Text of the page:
Even as the government is still deliberating on the list of over 5,000 goods that will be taxed under the upcoming Goods and Services Tax (GST), Indian startups have welcomed passage of the Bill, which they feel will simplify conduct of business.
Startups believe it will simplify taxation in the long term, reduce cross-border corruption between states, and let them claim the credit on taxes paid on expenses in their companies.
Major taxes like excise duty, octroi, service tax, special additional duty and VAT (value added tax) will be subsumed into a single tax called GST, which likely to be applicable from July 1, 2017 onwards.
“In the short-term, it may increase compliance as sellers would have to file a return thrice in a month, compared to once in six months, at present,” said Navin K Rungta, co-founder of eLagaan. “Sellers would have to report their monthly sales by the 10th of each month, purchases by the 15th and a consolidated statement by the 25th of each month,” said Rungta.
“Sellers would have to report their monthly sales by the 10th of each month, purchases by the 15th and a consolidated statement by the 25th of each month,” said Rungta.
This might increase compliance in the short term as software to automate all such processes are still being built. Startups which provide services will also benefit from the service tax exemption limit has been raised to Rs 20 lakh from Rs 10 lakh earlier.
Grocery retailing startups have also welcomed the passage of GST Bill. “The government has allowed 100 percent FDI in food retailing. When that comes through, we have a lot of service tax credit. That service tax credit will get converted into GST credit. Today, we are not able to offset service tax credit against anything else. That will give us a lot of tax advantage,” said Ashneer Grover, chief financial officer, Gurgaon-based Grofers.
Logistics sector to benefit
Removal of a lot of taxation bottlenecks at state borders through one tax will make India as one market. It will also reduce anomalies of the price difference of goods between states.
Taxation software startups will also get a fillip. “Many startups are into e-commerce and their logistic costs goes up with 11 categories of taxes levied on the road transport sector. GST can reduce logistic costs of companies producing non-bulk goods by as much as 20 percent,” said Mohit Bhambani, CEO of tax compliance solution firm KDK Softwares, which is developing GST compliant software.
Online marketplaces have already started educating their sellers on GST compliance. Vishal Chadha, Senior Vice President, Business at Snapdeal said, “The GST is one of the most wide-sweeping reforms launched by the government of India in the recent times, and will deeply affect how business is conducted and reported in our country.”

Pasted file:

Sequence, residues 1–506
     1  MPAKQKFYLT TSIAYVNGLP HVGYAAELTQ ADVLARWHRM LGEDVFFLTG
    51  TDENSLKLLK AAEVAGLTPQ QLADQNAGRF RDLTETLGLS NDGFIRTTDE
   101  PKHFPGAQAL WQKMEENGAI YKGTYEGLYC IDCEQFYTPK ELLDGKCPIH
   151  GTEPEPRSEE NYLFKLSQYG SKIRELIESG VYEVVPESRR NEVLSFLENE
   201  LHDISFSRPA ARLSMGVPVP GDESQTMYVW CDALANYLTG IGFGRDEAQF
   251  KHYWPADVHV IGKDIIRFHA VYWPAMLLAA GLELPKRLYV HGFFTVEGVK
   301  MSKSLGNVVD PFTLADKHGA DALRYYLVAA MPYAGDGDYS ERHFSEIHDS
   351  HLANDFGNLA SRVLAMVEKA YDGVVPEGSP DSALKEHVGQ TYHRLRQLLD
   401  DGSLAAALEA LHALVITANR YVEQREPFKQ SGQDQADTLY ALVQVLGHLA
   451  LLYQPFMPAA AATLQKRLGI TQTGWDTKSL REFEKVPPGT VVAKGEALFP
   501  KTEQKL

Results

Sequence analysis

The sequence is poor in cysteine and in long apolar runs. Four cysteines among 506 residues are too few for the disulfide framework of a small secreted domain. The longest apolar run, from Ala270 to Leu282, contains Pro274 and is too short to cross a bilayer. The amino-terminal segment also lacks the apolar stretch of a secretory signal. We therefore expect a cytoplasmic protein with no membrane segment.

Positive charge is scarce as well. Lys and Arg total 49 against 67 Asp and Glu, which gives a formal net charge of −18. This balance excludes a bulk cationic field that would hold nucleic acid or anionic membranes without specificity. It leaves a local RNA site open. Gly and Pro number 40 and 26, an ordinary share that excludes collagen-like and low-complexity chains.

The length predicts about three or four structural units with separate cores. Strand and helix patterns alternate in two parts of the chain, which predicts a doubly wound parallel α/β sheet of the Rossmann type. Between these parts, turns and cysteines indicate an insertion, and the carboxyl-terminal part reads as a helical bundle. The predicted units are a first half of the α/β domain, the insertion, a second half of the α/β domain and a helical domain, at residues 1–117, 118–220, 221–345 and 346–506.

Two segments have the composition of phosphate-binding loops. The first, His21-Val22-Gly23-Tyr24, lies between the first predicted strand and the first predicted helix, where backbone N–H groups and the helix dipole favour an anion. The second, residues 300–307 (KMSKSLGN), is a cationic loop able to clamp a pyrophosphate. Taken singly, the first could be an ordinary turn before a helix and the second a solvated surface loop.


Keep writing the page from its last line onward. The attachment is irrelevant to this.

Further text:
Snapdeal has already launched a webinar called ‘GST Guru’ to educate its sellers on the compliance on the upcoming tax.
“India has always fared badly on ease of doing business. GST will greatly work in that direction. There will be a single tax that startups will have to comply with besides reducing payment compliance etc,” said Preeti Khurana, a chartered accountant who works with Bangalore-based Cleartax.
Currently, startups in the manufacturing sector have to adhere to a lot of state regulations besides having to pay state taxes. Khurana also said that many states have a threshold beyond which startups have to register for VAT, if you had a turnover of Rs 5 lakh. Under GST the proposed threshold is Rs 20 lakh.
“Majority of the manufacturing sector is unaware of GST and its benefits. It is essential for the manufacturing units to first educate themselves and then adopt technological advancements to comply with the same," said Rahul Garg, Founder and CEO of Ratan Tata-backed marketplace Moglix.
Sellers and marketplaces divided
Online sellers are happy with the move. Startups can also offset total tax liability against tax paid on expenses such as office furniture, which was currently not possible.
“Sellers selling product at a loss will be discouraged, reducing fraud. Tax collection at source (TCS) for online marketplaces will ease business for sellers,” said a source in All India Online Vendors Association, requesting anonymity.
Marketplaces such as Amazon, Flipkart and Snapdeal have resented the 2 percent tax collection at source (TCS), saying that sellers should be required to pay this tax.
“None of us is saying GST is bad. It's going to be good for the country. Our capital will be locked in the system (with TCS) which will also affect sellers. E-commerce companies can share information (about the sellers and their sales) with state and central government who can claim taxation from them,” said Sachin Bansal, co-founder of Flipkart recently in a joint conference with heads of Snapdeal and Amazon India.
However, major benefits are expected in the movement of e-commerce goods between states. Delivery is likely to be faster and cheaper as companies will incur major boost when transportation will shift back to the road than air being used currently.
"Every state has its own taxation system. Every time a truck passes through a state border it involves heavy taxation and paperwork. Warehouse location is kept in accordance with the state taxation and amount of business from a particular area. With GST coming in the entire country will be one without any tax boundaries,” says Raghav Himatsingka, CEO and Founder, Truckola.